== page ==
But we don’t enjoy the Bible. We use it as a vehicle to get us somewhere else — to another spiritual reality, a different moral space, a more developed theological perspective. We hardly ever linger within its pages, asking it to do nothing else than capture our imagination. But surely this is one of the things its editors desired. Why else would they have assembled a canon that contains genealogies, cosmologies, etiologies, biographies, narratives, laments, liturgies, letters, credos, contracts, visions, riddles, oracles, apocalypses, histories, hymns, parables, proverbs, poems, laws, ordinances, reports, dreams, encouragements, rebukes, songs, and speeches when they could have saved some ink by giving us a few bullet points of doctrine, some ethical guidelines, and a barebones narrative?

It seems that the Bible was intended to nourish the entire person, not merely shape our beliefs and guide our behavior. Otherwise, the poetic and literary nature of the Bible is purely superfluous. Yet, most of us never take a break from studying the Bible to read it.

There are several reasons for this but perhaps the biggest stumbling block is our conception of what Scripture is. We think of it as a divine handbook, a love letter, a depository of data to fuel research, or a story of salvation history and then we strip mine it for information. Rarely to do we consider it a work of art or a cultural expression that could shape our aesthetic. But why not? The mere fact that it contains poetry should be enough to convince us that Scripture has an artistic nature in addition to a didactic one.

Many Christians approach the Bible through a rigid system — a liturgical calendar, a prescribed reading schedule, or a daily quota. This is tremendously problematic if these are the only ways in which we relate to our most sacred text. Potentially, the Bible becomes another task that we tick off our to-do-list. We need to cultivate times of unstructured reading. To borrow a phrase from Alan Jacobs, we need to read at whim. If the desire arises to read a Psalm or a Pauline letter, or, dare we say, Leviticus, and it’s not the specified passage for the day, carve out a few minutes and soak in it.

But equally problematic is the person who reads the Bible with no rhyme or reason, retweeting a random verse here and flicking open a Bible to whatever page there but never getting around to finishing an entire narrative. There’s hardly a chance that this person will enjoy the Bible’s story lines or integrate its teachings into coherent ideas. The books that make up the whole were intend to be read through. If we treat the Bible like a jumble of hypertexts and bounce around its pages we will never appreciate it in the ways its authors intended.

There is an inherent tension in our relationship to the Bible. This tension is similar to the ways in which Jewish tradition approaches prayer — certain prayers are to be recited at particular times but petitions should also flow out of the heart. Prayer demands both keva (set times of recitation) and kavanah (spontaneous intention). We could loosely translate these terms as “fixed and free.”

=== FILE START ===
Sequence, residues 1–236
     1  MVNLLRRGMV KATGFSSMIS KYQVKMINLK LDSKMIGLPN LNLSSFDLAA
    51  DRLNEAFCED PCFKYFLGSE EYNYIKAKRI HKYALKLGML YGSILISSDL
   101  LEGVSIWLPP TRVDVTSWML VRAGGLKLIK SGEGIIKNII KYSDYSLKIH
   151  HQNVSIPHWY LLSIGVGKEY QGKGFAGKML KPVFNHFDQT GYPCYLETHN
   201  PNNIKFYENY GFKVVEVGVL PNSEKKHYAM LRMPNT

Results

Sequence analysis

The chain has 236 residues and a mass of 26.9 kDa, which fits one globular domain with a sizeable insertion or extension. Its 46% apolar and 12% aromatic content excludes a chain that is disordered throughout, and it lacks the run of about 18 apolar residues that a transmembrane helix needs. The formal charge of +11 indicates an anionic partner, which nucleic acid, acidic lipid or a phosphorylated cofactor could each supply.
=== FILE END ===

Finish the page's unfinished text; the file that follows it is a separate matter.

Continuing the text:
Like prayer, the Bible is best read fixed and free. Impromptu sessions should accompany liturgical recitations and whim should interrupt schedules. In addition, we should read the Bible for enjoyment as well as study it for understanding. To a large degree these are very different acts but embracing the Bible more fully involves holding together the tension of keva and kavanah.

Is Prayer Surrender?

Benedict XVIPaolo Flores d’Arcais wrote a breathtaking blog post for the New York Review of Books. It’s one of the most trenchant attempts to interpret Benedict XVI’s resignation that I’ve read. He explores the theological implications of a Spirit-inspired Vicar of Christ on Earth saying that he is too old to continue in his divinely appointed task. Is the Holy Spirit not able to strengthen him and the church during a time of mortal weakness?

This is a weighty question, to be sure. But what intrigued me even more is d’Arcais’s speculation that in the face of raging power struggles that are bringing the Church to her knees, Benedict decided to surrender. To scamper off to Castel Gandolfo and after that to a former convent. Too old and feeble to fight, the now Pope Emeritus chose to pray.

But should we equate prayer with surrender? The author of Ephesians writes:

We’re not waging war against enemies of flesh and blood alone. No, this fight is against tyrants, against authorities, against supernatural powers and demon princes that slither in the darkness of this world, and against wicked spiritual armies that lurk about in heavenly places (6:12, The Voice).

Possibly, Benedict had this passage in mind when he received the report he commissioned in the wake of the “Vatileaks scandal.” Scheming priests, money laundering bankers, and blackmailing bishops – they are just bit players in a much bigger game. Their sins would take some doing to unravel but the real challenge would be addressing the evil that propels them. That’s something that no pope, no matter how physically fit, is able to do on his own.